In asymptomatic patients or in patients in whom the symptoms and MS severity do not seem to correlate, stress echo (preferably exercise or alternatively dobutamine infusion) is indicated [12]. It provides additional information through assessing mitral gradients and pulmonary pressures during stress. An increase of mean diastolic gradient >15 mmHg and/or increase in PASP >60 mmHg is diagnostic for significant MS and the need for intervention [6].

Transoesophageal echocardiography

In general, TEE provides higher resolution and better assessment of the MV apparatus (especially chordae). With good image quality by TTE, the incremental value for TEE is little for the diagnosis and quantification of MS. With poor image quality, TEE can be relied on for diagnosis and grading of MS. The morphologic assessment of MV leaflets can be obtained from the mid-oesophageal level scanning from 0 degrees to 120 degrees while transgastric views from 90 degrees to 120 degrees is better for visualisation of chordae. Doppler measurements can be obtained from mid-oesophageal views. TEE has a crucial role in the exclusion of LA/LAA thrombus before planning balloon mitral valvuloplasty.  

Three‑dimensional echocardiography

Three-dimensional echocardiography is useful in enhancing the objective assessment of MV morphology from a single imaging plane [12]. It enables visualisation of the narrowest orifice of the MV through better alignment of the image plane at the mitral tips (Figure 2D). The 3D-derived MVA is accurate and reproducible with excellent interobserver and intraobserver agreement. 3D echo allows detailed characterisation of the degree of MV involvement (leaflet motion and calcification and commissural fusion) and of the subvalvular apparatus (chordate shortening and fusion, papillary muscle fibrosis, necrosis and rupture). A validated scoring system by 3D echo can be used for the decision on balloon mitral valvotomy [11]. Post balloon valvotomy, 2D planimetry of the MVA by Doppler is limited and 3D echo can be used to visualise splitting of commissures and to measure the achieved MVA.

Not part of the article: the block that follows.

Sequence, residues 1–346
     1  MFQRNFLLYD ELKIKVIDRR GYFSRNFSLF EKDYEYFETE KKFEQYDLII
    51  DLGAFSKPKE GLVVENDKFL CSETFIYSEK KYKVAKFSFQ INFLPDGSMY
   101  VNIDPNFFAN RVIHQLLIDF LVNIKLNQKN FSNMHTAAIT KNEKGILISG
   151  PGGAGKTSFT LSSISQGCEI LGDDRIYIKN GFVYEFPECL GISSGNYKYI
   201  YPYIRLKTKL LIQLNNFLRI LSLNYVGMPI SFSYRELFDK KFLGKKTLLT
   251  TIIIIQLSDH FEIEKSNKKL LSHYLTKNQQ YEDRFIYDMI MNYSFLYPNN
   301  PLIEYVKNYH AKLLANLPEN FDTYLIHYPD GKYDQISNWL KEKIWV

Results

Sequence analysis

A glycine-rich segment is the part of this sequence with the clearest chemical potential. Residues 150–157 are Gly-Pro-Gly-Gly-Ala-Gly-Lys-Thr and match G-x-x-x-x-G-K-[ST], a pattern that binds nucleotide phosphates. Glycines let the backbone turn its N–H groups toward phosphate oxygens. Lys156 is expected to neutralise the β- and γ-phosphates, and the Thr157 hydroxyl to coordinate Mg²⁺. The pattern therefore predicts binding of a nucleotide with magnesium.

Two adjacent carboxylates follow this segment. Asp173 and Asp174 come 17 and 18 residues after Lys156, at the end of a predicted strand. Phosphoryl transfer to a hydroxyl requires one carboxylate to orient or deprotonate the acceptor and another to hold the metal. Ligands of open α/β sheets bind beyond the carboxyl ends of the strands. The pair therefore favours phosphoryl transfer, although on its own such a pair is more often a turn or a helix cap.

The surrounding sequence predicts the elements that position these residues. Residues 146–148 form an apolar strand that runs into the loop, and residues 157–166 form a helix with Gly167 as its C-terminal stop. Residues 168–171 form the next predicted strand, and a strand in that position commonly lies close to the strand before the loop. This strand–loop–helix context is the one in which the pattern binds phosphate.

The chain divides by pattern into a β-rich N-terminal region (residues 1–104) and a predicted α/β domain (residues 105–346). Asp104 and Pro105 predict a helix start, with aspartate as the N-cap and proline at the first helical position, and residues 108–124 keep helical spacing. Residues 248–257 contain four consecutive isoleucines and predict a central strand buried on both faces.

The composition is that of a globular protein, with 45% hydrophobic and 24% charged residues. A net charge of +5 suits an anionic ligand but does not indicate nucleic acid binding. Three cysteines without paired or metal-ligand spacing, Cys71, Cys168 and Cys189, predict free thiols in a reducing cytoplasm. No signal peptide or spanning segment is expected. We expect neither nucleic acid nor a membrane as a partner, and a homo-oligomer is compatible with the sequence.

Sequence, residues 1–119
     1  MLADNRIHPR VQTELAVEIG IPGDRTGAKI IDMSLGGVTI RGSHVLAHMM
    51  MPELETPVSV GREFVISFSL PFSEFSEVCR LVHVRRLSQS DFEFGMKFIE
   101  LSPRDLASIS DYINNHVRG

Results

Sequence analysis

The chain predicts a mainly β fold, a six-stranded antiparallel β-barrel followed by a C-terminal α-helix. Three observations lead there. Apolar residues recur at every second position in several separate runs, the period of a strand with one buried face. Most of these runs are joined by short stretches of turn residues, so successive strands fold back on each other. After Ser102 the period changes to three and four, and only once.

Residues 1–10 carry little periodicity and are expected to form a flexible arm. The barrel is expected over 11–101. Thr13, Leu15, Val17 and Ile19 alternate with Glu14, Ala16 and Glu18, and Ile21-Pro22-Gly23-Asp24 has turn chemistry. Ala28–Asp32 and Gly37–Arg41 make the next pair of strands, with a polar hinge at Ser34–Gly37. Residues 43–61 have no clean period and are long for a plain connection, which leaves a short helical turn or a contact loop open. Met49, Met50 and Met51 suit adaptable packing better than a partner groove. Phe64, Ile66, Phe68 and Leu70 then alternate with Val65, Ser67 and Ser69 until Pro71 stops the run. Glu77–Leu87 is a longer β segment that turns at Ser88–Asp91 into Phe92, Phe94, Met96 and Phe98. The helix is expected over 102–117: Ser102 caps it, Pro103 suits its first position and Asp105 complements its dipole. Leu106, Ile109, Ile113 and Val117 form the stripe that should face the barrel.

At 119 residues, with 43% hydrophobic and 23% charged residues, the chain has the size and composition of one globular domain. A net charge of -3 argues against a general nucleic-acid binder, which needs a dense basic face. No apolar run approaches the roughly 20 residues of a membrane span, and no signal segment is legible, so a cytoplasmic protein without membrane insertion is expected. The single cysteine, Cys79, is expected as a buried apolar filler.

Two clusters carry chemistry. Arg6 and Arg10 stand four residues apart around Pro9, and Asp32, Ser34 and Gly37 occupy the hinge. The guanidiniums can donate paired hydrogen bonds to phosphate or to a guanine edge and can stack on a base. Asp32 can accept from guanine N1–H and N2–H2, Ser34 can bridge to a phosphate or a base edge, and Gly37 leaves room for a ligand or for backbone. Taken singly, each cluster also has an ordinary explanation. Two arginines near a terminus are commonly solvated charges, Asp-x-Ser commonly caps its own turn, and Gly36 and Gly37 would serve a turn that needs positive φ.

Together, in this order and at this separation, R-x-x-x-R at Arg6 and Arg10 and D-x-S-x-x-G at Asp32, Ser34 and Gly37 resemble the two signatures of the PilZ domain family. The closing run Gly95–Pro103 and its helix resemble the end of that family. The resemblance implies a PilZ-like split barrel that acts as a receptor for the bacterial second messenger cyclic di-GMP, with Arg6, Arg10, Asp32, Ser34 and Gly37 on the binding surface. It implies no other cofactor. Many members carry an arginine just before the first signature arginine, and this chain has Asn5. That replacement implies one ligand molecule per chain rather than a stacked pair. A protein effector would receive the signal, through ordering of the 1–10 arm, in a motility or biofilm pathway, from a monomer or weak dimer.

Special situation

Senile MS

Mitral annular calcification is relatively common in older patients. It most commonly occurs in the posterior part of the mitral annulus and extends to the posterior leaflet. In massive calcification, extension into the mitral leaflets can cause significant MS. Unlike rheumatic MS, the tips of the leaflets and commissures are not affected


MV disease is common and requires precise evaluation. The MV apparatus is complex and each component needs detailed evaluation for better understanding of MV dysfunction and for selecting the proper management strategy. Echocardiography provides sufficiently detailed images of the MV and is the most important diagnostic tool in establishing the diagnosis, depicting the severity of the lesion, and for appropriate clinical decision making. Using all of the available echo modalities (2D echo, 3D echo, stress echo) leads to increased accuracy of diagnosis and better outcome. In MR, the grade of severity can be accurately defined through an integrative approach.


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Notes to editor


Ashraf M Anwar, MD, PhD, FESC

Department of Cardiology, Faculty of Medicine, Al-Azhar University, Cairo, Egypt


Address for correspondence:

Dr Ashraf M Anwar, Cardiology Department, King Fahd Armed Forces Hospital, P.O. Box: 9862, Jeddah 21159, Saudi Arabia

Fax: +966-2-6651868


Author disclosures:

The author has no conflicts of interest to declare.


The content of this article reflects the personal opinion of the author/s and is not necessarily the official position of the European Society of Cardiology.